The district contributes to the Teacher Retirement System of Texas (TRS), a cost-sharing, multiple employer defined benefit pension plan; other-post employment benefits (TRS-Care) are also provided through TRS. The combined pension and OPEB contributions, which are set by state law, totaled a modest 1.2% of fiscal 2013 governmental spending.
INTERNATIONAL TRADE BASED ECONOMY
Located on the Rio Grande, the border city of Laredo (GO debt rated 'AA' by Fitch) serves as the principal port of entry into Mexico and the largest inland port in the U.S. Over the past decade, Laredo has experienced substantial growth in population. However, the district's enrollment of approximately 23,000 has remained stagnant due to central Laredo's nearly complete development. The district's population is equal to about 41% of Laredo's total population.
Laredo's proximity to Mexico and the city's trade based economy closely link its economic health to that of its southern neighbor. Fluctuations in the value of the peso and dependence on international policies create some economic uncertainty for the area. Integration of the U.S. and Mexican economies through free trade agreements and Laredo's essential transportation network add a measure of stability, partially offsetting these vulnerabilities.
In recent years, economic activity has been further boosted by substantial oil and natural gas exploration and production in the nearby Eagle Ford formation. Aided by growing sectors in higher education, healthcare, and government, the city's unemployment rate declined to 5.5% as of March 2014; this rate compares favorably with state and national averages.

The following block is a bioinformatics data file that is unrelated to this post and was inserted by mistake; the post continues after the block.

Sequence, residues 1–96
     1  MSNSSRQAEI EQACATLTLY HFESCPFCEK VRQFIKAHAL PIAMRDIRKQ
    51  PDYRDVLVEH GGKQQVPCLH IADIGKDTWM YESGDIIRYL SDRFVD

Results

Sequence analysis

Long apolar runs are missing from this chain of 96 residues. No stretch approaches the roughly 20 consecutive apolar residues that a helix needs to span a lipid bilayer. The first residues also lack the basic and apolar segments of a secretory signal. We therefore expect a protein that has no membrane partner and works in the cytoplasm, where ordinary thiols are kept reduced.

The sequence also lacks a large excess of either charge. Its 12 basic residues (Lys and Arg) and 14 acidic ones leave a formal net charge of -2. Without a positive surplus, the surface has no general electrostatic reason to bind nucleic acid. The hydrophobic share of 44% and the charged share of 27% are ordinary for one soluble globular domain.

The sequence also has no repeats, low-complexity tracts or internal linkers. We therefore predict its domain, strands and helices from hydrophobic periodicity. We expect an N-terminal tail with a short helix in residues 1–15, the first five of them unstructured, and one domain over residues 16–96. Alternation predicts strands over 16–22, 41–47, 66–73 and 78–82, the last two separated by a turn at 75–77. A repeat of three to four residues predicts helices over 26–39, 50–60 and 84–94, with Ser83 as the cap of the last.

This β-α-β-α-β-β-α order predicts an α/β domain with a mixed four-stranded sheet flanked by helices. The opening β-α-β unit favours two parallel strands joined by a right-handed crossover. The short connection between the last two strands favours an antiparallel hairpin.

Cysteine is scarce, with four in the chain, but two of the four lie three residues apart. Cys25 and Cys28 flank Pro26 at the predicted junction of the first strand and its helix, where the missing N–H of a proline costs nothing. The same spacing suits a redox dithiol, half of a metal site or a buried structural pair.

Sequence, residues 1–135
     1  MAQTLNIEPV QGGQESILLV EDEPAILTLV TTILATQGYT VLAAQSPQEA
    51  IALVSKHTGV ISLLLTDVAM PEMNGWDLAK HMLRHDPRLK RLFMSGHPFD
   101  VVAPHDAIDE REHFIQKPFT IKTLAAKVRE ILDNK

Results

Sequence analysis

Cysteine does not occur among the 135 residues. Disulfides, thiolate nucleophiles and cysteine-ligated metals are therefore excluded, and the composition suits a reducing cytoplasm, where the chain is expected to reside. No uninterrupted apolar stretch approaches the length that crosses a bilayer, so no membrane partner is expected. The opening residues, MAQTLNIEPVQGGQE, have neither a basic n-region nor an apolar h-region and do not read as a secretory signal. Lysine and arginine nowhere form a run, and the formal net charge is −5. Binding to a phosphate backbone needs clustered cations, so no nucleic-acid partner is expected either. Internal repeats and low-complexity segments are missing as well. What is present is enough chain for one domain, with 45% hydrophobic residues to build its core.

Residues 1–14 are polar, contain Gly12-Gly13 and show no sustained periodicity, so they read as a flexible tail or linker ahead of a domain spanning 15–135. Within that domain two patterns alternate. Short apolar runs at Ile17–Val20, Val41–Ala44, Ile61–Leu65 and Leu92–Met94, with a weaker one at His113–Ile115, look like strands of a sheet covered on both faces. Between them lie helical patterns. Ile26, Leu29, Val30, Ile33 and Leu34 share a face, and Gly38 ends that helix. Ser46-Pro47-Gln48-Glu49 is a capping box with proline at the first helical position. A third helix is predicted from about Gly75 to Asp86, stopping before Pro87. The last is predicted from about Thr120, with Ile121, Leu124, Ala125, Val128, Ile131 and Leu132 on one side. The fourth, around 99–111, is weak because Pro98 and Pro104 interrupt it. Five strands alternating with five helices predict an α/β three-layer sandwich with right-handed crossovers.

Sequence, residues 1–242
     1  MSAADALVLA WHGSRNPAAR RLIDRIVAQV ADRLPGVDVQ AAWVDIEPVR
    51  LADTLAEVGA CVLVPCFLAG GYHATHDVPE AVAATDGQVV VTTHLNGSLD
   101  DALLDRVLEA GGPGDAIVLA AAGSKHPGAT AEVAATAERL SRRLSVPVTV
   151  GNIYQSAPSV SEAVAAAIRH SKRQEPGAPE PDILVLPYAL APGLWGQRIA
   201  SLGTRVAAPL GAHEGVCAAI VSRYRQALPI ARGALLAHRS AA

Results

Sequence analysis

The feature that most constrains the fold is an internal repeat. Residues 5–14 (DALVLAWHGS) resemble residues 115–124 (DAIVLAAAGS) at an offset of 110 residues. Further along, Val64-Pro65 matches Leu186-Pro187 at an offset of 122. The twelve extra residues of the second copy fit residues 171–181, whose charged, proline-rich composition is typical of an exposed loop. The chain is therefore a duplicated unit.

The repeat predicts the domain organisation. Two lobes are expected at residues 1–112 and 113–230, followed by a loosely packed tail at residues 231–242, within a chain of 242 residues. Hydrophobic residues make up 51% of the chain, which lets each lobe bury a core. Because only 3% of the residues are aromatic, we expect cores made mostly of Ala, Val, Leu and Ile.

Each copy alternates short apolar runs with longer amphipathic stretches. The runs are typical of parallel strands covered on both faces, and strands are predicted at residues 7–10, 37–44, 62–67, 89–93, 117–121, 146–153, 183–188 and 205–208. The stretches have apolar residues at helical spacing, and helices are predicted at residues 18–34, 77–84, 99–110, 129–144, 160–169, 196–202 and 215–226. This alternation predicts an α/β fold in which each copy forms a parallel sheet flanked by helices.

Despite surging economic activity, the city's market value per capita remains very low at $25,000. Income levels are also low but are growing faster than state or national averages.
TEXAS SCHOOL DISTRICT LITIGATION
In February 2013 a district judge ruled that the state's school finance system is unconstitutional. The ruling, which was in response to a consolidation of six lawsuits representing 75% of Texas school children, found the system 'inefficient, inequitable, and unsuitable and arbitrarily funds districts at different levels...' The judge also cited inadequate funding and districts' inability to exercise 'meaningful discretion' in setting tax rates as constitutional flaws in the current system.
The judge re-opened the lawsuit in June 2013 after state legislative action that partially restored state funding levels and made other program changes. The trial began in January 2014. If the state school finance system is ultimately found unconstitutional, the Legislature will be directed to make changes to the system to restore its constitutionality. Fitch would consider any changes that include additional funding for schools a positive credit consideration.
Additional information is available at 'www.fitchratings.com'
In addition to the sources of information identified in Fitch's Tax-Supported Rating Criteria, this action was additionally informed by information from Creditscope, University Financial Associates, LoanPerformance, Inc., and Texas Municipal Advisory Council.
Applicable Criteria and Related Research:
--'Tax-Supported Rating Criteria', dated Aug. 14, 2012;
--'U.S. Local Government Tax-Supported Rating Criteria', dated Aug. 14, 2012.
Applicable Criteria and Related Research:
Tax-Supported Rating Criteria
U.S. Local Government Tax-Supported Rating Criteria